5 Best Leonardo DiCaprio Performances That Weren’t Even NOMINATED for Oscars

By Victoria Guerra | Feb 29, 2016 11:10 PM EST
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Mexican filmmaker Alejandro González Iñárritu succeeded where the likes of Martin Scorsese, Quentin Tarantino and Steven Spielberg failed: directing Leonardo DiCaprio in an Academy Award-winning role. Still, the actor has had a number of performances that were just as deserving of an Oscar as The Revenant -- and here are 5 of DiCaprio's most amazing acting roles that weren't even nominated.

In chronological order, here are just a few of the best DiCaprio performances that got criminally overlooked from the Academy altogether.

1. Total Eclipse (1995). Role: Arthur Rimbaud.

Between DiCaprio's Oscar-nominated breakout performance in What's Eating Gilbert Grape and his pretty boy era where he didn't really bother acting (like in Titanic and The Man with the Iron Mask), there were a few precious jewels.

In this smaller film, which was never too popular, DiCaprio played French genius poet Rimbaud opposite David Thewlis, in a story about a (very harmful) legendary couple in the 19th century, when homosexuality was illegal throughout Europe.

Often overlooked, this early DiCaprio film proves how talented he was at a very early age, and despite his incredible performance, the film didn't make a lot of noise during awards season.

2. Catch Me If You Can (2002). Role: Frank Abagnale Jr.

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This is the film that put DiCaprio back on the map of awards shows, though he was only nominated for a Golden Globe for the role. Famously, he plays a real-life con artist in the movie, but he failed to appear on the nominations ballot for that year, for either this film or Gangs of New York, which was the first in a string of amazing contributions with legendary director Scorsese.

3. The Departed (2006). Role: Billy.

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In case you forgot, DiCaprio actually wasn't nominated for this movie, which is notorious for being the one for which Scorsese won his first (and so far only) Academy Award.

Sure, DiCaprio was nominated that year for Blood Diamond, where he also did an extraordinary job and even mastered the fairly difficult South African accent, but is it better than the iconic Departed scene where he asks for cranberry juice at a bar? Of course it isn't.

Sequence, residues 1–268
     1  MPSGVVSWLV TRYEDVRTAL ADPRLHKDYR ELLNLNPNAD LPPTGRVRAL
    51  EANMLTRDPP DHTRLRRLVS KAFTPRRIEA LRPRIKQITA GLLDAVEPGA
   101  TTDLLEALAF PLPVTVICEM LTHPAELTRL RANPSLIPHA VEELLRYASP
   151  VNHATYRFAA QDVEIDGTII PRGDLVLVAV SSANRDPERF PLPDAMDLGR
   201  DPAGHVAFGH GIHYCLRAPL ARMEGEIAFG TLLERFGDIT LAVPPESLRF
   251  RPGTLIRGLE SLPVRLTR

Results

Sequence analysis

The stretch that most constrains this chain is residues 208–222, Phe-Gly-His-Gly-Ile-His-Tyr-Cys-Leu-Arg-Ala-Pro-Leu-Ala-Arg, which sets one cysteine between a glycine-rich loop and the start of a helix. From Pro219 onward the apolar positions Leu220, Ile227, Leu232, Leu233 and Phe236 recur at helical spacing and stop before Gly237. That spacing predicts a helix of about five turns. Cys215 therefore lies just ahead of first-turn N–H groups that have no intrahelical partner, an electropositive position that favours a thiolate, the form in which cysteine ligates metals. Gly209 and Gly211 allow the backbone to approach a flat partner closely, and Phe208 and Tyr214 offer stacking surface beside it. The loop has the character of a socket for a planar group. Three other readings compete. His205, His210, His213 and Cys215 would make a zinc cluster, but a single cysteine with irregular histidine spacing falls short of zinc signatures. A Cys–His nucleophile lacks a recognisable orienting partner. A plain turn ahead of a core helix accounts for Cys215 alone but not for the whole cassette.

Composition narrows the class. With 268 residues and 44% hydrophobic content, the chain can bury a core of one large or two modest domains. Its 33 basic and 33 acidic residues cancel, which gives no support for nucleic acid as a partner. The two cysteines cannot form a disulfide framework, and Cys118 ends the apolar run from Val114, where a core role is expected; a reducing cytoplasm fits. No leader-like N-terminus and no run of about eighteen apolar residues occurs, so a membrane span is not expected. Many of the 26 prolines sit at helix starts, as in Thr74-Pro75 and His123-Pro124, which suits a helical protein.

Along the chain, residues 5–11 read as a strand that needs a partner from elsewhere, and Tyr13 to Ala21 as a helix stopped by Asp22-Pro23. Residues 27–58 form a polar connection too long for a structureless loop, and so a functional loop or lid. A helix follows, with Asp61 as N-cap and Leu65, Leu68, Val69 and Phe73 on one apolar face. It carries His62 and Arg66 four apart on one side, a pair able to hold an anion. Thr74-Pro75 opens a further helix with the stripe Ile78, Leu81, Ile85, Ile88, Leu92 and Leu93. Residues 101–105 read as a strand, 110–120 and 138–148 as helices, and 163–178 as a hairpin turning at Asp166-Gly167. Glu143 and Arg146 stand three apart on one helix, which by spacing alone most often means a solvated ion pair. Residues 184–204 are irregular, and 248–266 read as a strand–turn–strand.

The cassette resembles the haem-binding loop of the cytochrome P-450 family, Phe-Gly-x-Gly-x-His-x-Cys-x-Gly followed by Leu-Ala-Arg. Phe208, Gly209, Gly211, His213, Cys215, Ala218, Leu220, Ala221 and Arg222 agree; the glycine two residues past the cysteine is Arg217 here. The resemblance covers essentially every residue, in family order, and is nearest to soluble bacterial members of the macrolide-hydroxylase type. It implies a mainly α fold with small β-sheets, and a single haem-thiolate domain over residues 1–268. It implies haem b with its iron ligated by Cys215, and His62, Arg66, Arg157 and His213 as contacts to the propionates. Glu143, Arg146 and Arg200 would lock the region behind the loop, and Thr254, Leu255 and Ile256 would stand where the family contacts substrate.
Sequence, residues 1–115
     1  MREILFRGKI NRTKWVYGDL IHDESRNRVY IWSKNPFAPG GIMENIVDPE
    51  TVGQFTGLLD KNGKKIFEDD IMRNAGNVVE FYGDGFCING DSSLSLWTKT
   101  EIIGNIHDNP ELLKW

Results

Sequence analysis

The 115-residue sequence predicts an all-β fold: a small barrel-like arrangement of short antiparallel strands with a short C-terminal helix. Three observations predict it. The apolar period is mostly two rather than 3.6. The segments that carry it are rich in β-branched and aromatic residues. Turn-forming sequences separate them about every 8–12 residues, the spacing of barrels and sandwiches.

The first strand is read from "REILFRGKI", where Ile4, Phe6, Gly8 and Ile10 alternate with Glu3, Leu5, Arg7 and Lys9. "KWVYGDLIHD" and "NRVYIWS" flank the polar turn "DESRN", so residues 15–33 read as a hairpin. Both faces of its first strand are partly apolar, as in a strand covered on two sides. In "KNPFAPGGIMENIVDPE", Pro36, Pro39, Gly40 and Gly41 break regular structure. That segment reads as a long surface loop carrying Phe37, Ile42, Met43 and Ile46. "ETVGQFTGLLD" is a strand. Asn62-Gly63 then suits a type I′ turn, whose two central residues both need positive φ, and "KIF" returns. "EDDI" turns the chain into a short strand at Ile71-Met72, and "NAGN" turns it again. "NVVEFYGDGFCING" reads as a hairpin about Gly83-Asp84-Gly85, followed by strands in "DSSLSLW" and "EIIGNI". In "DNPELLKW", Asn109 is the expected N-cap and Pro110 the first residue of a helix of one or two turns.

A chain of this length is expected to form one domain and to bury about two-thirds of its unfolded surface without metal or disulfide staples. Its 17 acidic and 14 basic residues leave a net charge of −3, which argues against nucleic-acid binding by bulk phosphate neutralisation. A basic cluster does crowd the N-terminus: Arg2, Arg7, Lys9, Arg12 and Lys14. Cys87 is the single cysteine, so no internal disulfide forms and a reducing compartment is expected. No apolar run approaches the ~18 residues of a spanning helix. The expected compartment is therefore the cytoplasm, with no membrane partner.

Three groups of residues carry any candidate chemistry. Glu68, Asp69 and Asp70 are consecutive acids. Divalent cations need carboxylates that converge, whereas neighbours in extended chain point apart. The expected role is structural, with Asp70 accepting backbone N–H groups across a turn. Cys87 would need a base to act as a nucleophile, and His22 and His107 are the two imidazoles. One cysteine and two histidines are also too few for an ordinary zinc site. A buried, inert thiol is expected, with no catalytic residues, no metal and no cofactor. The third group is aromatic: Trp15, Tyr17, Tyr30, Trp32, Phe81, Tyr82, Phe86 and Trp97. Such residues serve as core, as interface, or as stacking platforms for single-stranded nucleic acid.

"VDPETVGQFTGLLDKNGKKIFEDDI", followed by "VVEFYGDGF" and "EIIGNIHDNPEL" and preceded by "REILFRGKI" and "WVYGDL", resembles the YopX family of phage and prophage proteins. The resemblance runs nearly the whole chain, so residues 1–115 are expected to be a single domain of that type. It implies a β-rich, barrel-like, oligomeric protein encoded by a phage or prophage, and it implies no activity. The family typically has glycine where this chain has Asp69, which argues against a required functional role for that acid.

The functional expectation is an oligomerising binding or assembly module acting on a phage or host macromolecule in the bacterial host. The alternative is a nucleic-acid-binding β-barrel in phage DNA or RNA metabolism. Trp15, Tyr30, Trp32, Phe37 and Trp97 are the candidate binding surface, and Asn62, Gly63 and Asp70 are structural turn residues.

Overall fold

Besides, Departed as a film has stood the test of time, remaining as powerful now as it was ten years ago. Blood Diamond was a decent film about a very important topic, but it's not as well remembered.

4. Inception (2010). Role: Cobb.

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Despite all the memes and the public love for this Christopher Nolan film, it was somewhat ignored when it was time for award shows. Although it did bag a few Oscars, they were mostly in the technical categories (except for Wally Pfister's Academy Award-winning work as cinematographer), and the acting was altogether ignored. This is bad not only for DiCaprio, but also for co-stars like Michael Caine and Marion Cotillard, both of whom were also superb.

Of course, DiCaprio plays Cobb in this film, the leader of the gang of dream-intruders who can enter your subconscious. The actor gives some of his best work in this film, particularly in the scenes with Cotillad, and he was downright neglected from a nod.

5. Django Unchained (2012). Role: Calvin Candie.

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This might just be the worst omission DiCaprio has ever been subjected to. This modern western received its fair share of love, with two well-deserved Oscars for Tarantino's screenplay and Christoph Waltz's performance, but DiCaprio was robbed of at least a nomination, and his performance was definitely one of the film's highlights.

Playing slave owner and horrible human being Monsieur Candie, DiCaprio got so involved in his role that at one point he broke his hand and kept on doing a scene, because he's such a pro. Remember the dinner scene where he smashes a glass? That was real blood.

In all, DiCaprio should have at least been nodded with Waltz.

Other great DiCaprio performances without Oscar nods worth mentioning are his small role in Woody Allen's Celebrity, his work as the lead in Scorsese's Shutter Island (where Mark Ruffalo was also incredible) and his turn as F. Scott Fitzgerald's most famous character in The Great Gatsby.

At least the injustice has finally come to an end -- hopefully, this is the first of many DiCaprio Oscars to come!

© 2019 Mstars News, All rights reserved. Do not reproduce without permission.

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